Dr. Dhananjaya Y. Chandrachud, J.
CIVIL APPEAL (@ SLP(C) No.26451 of 2014)
2. This appeal arises from an order of a learned Single Judge of the High Court of Manipur dated 10 December 2013. The High Court, by its impugned order, has issued a direction to the appellants to consider the case of the respondents (the petitioners before the High Court) if they are eligible and within the zone of consideration for promotion to the post of Naib Subedar against vacancies which occurred prior to the changes that were made in the structure of Assam Rifles in 2011 and before the enforcement of the Recruitment Rules for Warrant Officer in 2012. The High Court directed that such an exercise be carried out in respect of other Havildars against vacancies which had occurred prior to 2011.
3. The respondents were appointed between 1982 and 1989 on the post of Rifleman in Assam Rifles. At the relevant point of time, they were working as Havildars. Under the Rules, as they existed earlier, the promotional avenue for a Havildar lay to the post of Naib Subedar. Following the recommendations of the Sixth Pay Commission, the Union of India in th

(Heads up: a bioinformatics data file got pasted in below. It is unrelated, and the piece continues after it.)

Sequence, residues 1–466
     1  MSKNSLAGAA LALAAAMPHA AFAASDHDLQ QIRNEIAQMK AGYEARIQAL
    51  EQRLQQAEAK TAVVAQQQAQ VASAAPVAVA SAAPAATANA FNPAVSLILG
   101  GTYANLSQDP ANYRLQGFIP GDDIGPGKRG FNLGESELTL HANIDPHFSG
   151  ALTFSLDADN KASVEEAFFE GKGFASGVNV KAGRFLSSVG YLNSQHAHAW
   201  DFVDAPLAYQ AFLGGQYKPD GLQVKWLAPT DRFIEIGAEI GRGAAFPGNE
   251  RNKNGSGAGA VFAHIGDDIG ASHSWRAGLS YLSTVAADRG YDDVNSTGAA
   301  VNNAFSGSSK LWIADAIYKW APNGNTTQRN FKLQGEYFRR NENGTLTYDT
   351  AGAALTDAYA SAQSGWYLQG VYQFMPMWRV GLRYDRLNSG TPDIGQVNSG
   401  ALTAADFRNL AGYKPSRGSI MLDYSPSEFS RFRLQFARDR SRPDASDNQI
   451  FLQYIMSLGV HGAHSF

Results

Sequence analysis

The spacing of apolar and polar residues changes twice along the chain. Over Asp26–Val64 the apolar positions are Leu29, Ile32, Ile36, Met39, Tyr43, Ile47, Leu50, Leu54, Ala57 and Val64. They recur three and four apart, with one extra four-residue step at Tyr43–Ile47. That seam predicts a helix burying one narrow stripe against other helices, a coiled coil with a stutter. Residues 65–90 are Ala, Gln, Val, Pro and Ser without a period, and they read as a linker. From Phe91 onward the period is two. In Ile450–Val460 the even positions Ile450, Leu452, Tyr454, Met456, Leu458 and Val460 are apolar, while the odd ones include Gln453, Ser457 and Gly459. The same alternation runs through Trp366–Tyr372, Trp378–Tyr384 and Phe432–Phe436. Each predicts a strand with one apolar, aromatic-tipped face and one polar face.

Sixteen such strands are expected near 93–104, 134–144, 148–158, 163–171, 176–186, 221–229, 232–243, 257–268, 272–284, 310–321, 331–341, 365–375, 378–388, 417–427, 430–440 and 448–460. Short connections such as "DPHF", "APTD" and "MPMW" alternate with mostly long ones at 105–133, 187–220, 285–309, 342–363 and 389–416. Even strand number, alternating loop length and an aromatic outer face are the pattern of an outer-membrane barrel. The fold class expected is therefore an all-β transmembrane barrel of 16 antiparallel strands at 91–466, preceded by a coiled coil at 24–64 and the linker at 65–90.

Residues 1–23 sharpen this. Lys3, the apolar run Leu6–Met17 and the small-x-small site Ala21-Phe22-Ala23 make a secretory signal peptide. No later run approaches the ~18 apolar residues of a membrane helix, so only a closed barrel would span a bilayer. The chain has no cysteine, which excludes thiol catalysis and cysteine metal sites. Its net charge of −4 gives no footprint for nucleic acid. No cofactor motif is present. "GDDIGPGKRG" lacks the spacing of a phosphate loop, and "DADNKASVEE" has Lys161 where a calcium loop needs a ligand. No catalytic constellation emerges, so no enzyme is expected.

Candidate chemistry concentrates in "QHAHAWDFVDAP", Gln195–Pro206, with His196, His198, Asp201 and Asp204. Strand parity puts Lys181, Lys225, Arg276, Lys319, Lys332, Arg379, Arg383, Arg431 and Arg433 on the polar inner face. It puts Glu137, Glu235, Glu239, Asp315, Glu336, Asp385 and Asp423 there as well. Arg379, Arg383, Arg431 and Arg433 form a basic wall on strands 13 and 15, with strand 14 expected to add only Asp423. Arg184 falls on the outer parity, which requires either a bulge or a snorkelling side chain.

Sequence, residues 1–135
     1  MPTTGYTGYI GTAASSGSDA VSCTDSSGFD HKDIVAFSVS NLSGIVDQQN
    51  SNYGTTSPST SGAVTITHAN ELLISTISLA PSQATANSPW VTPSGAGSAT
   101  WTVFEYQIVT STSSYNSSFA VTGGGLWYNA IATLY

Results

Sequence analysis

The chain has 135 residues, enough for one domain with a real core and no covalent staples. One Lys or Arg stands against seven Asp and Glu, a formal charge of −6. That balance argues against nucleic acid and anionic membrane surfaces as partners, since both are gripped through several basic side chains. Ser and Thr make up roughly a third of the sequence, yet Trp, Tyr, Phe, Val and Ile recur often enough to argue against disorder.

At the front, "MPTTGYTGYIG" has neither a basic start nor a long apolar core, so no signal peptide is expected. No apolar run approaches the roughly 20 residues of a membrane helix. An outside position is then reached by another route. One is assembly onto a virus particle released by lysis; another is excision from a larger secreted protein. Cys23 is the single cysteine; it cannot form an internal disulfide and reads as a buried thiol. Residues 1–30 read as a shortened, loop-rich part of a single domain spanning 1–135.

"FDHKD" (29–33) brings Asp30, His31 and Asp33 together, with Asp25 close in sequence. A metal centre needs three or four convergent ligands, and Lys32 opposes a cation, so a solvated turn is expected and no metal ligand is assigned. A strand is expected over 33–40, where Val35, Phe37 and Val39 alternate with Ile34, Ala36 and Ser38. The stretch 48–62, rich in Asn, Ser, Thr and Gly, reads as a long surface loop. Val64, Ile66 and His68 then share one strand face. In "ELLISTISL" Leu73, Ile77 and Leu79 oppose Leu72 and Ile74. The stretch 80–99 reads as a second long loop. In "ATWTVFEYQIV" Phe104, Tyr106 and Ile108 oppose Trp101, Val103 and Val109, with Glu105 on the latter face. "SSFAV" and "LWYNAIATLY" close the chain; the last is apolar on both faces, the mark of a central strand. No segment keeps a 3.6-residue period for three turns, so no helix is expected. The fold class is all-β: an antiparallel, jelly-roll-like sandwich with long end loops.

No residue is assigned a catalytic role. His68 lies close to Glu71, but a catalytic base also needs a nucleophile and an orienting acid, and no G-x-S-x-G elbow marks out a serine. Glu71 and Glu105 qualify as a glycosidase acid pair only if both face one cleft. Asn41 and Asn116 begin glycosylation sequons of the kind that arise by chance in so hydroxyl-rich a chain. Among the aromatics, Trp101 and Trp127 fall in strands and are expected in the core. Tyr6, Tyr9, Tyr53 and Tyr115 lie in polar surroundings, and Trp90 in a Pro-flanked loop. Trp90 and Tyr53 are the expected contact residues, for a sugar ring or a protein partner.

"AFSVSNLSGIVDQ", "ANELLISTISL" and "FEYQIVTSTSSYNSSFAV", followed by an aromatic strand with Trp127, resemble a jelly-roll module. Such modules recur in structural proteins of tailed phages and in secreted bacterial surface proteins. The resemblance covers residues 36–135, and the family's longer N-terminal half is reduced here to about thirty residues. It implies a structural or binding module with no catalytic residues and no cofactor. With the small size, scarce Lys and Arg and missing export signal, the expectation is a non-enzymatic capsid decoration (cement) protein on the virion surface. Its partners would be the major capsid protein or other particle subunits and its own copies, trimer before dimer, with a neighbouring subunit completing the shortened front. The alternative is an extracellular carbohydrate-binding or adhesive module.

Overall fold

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e Ministry of Home Affairs conveyed its sanction on 3 March 2011 for the introduction of an intermediate rank of Warrant Officer by the abolition/upgradation of one post of Havildar. On 16 June, 2012, the Assam Rifles Warrant Officer (General Duty) Group `C' Combatised Posts Recruitment Rules, 2012 were notified. In terms of the Recruitment Rules, the post of Warrant Officer was created which was required to be filled up by promotion amongst members of the Assam Rifles holding the rank of Havildar (General Duty) with five years' regular service in the grade and possessing the requisite educational qualifications. The Rules, inter alia, stipulated the following conditions for promotion:
"Promotion amongst the members of Assam Rifles holding the rank of Havildar (General Duty) with five years regular service in the grade and possessing the following educational qualifications, namely:-
(i) Map reading standard one-Pass
(ii) Promotion cadre passed - Pass
(iii) Technical Trade Test One - Pass
Note 1: Where juniors who have completed their qualifying or eligibility service are considered for promotion their seniors would also be considered provided they are not short of the requisite qualifying or eligibility service for more than half of such qualifying or eligibility service or two years, whichever is less, and have successfully completed their probation period for promotion to the next grade with their juniors who have already completed such qualifying or eligibility service.
Note 2: For the purpose of counting minimum qualifying service for promotion, the service rendered on a regular basis by an officer prior to the 1st January, 2006 i.e. the date from which the revised pay structure band or the Sixth Central Pay Commission recommendations has been extended, shall be deemed to be service rendered in the corresponding grade pay or pay scale extended based on the recommendations of the Commission."